Medical Council of Canada



The National Assessment Collaboration (NAC) Examination uses a series of Objective Structured Clinical Examination (OSCE) stations to assess International Medical Graduates’ (IMGs) readiness for entrance into a Canadian residency program.

The NAC Examination consists of 10 OSCE stations. There will be no pilot stations for the September 2020 NAC Examination. The pilot stations will be replaced with wait stations.

The NAC Examination is a criterion-referenced exam. This means that a candidate’s performance will be compared against the established performance standards and not the performance of other candidates.

How OSCE stations are scored

OSCE stations are scored by Physician Examiners (PEs). Examiners observe your interactions with Standardized Patients (SPs) and score your performance on each station according to a standardized scoring instrument that includes a checklist of tasks, answer key to oral questions, and rating scales that are designed to assess up to seven competencies.

These competencies include:

  • History taking
  • Diagnosis
  • Data interpretation
  • Investigations
  • Management
  • Communication skills
  • Physical examination (assessed in a modified format)

Each station is worth the same as every other station. The total score is calculated as the average of the ten station scores.

Standardized guidelines are used for exam administration, the training of PEs and SPs, and the use of predetermined scoring instruments for the NAC Examination.

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What result is reported

For the September 2020 NAC Examination, no total score or subscores will be reported. Only three categories of results are reported to candidates: fail, pass, and pass with superior performance.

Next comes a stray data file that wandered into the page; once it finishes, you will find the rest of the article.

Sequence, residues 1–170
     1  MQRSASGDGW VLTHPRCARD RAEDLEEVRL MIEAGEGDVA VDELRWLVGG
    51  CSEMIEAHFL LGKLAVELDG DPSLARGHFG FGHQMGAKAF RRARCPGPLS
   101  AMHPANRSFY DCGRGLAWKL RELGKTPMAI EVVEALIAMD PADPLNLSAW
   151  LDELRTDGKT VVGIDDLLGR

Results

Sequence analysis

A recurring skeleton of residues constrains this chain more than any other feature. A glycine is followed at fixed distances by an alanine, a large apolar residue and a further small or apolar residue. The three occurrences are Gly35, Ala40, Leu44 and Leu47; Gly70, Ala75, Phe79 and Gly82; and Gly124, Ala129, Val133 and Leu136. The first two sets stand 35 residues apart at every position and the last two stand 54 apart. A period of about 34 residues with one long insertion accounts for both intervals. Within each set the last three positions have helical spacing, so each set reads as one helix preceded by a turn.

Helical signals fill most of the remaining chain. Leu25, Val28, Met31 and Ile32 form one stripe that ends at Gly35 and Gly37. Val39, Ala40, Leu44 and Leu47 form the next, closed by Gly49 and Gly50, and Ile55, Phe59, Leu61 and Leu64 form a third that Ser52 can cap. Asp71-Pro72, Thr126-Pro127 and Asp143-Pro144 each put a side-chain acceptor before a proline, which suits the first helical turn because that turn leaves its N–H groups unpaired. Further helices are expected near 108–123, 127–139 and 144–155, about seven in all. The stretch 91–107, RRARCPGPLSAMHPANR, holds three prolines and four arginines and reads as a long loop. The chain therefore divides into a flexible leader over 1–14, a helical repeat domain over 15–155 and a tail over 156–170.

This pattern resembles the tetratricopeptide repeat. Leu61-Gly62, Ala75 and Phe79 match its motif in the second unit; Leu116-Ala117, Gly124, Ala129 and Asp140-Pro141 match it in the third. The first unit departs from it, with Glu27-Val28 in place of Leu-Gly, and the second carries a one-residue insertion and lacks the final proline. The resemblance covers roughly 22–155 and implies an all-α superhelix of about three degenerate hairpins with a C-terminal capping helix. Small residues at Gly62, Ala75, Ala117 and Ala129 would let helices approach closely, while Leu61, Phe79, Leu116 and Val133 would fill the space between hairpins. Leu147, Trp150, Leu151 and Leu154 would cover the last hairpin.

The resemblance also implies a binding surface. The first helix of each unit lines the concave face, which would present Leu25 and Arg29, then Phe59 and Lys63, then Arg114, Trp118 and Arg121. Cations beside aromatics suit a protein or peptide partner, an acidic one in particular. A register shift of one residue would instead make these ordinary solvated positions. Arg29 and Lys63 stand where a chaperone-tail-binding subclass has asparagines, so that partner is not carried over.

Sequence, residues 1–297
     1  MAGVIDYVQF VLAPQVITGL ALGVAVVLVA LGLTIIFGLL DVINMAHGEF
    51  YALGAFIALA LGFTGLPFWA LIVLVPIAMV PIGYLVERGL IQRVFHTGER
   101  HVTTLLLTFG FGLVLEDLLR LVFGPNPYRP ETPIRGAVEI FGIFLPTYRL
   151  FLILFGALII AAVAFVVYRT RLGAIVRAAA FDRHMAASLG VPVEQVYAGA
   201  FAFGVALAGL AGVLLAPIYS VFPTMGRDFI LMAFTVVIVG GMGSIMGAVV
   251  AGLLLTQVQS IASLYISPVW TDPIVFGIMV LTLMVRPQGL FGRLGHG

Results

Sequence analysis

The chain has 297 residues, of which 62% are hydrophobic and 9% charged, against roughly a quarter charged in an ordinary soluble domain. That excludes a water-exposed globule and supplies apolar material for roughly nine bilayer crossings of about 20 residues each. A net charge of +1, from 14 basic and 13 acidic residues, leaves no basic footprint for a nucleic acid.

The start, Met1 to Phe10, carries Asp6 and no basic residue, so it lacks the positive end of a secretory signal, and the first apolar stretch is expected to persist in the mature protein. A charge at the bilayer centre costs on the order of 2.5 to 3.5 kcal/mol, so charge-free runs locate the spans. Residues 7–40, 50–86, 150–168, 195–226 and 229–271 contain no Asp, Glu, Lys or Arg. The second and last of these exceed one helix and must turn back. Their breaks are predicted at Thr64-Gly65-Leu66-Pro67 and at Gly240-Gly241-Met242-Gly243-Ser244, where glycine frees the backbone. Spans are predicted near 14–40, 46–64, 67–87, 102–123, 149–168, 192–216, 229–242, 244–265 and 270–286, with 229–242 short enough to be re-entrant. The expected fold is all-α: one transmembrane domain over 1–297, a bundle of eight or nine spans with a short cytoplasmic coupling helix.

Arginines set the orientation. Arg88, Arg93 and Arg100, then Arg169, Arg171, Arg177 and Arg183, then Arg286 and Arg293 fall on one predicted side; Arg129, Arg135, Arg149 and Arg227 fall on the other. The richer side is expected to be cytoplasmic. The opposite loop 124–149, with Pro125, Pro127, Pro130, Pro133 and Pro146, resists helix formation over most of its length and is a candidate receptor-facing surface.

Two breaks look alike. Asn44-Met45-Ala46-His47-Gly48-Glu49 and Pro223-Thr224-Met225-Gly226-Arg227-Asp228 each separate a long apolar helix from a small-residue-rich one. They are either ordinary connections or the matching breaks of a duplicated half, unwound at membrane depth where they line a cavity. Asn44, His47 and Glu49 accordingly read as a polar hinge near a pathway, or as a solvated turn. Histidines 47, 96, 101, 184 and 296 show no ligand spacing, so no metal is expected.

For more information, please refer to FAQs.

How the NAC Examination performance standards are established

The Medical Council of Canada (MCC) will bring together a panel of Canadian physicians to define the performance standards for differentiating between “fail”, “pass” and “pass with superior performance” through a standard-setting exercise. Standard setting is a process used to define an acceptable level of performance and to establish a cut score for one or more target levels of performance. The standard setting panel will recommend the cut scores for approval to the NAC Examination Committee (NEC). The NEC is composed of physicians and medical educators from across the country and is responsible for awarding the NAC Examination results to candidates.

All candidates who meet or exceed the cut score for “pass” will be granted a “pass” status, and all candidates who meet or exceed the cut score for ”pass with superior performance” will be granted a “pass with superior performance” status regardless of how well other candidates perform.

Please note that as total scores will not be reported to candidates, the established cut scores will not be published.

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How the NAC Examination result is presented

Each candidate receives a Statement of Results (SOR). The SOR includes your final result which is reported as one of the three categories: fail, pass or pass with superior performance.

The SOR is made available through your account shortly after you receive your final result.

Prior to September 2020, additional information about domain subscores and comparative information was provided on the Supplemental Information Report (SIR) in graphic form. However, for the September 2020 NAC Examination session, subscores will not be reported. Therefore, SIR will not be provided to candidates.

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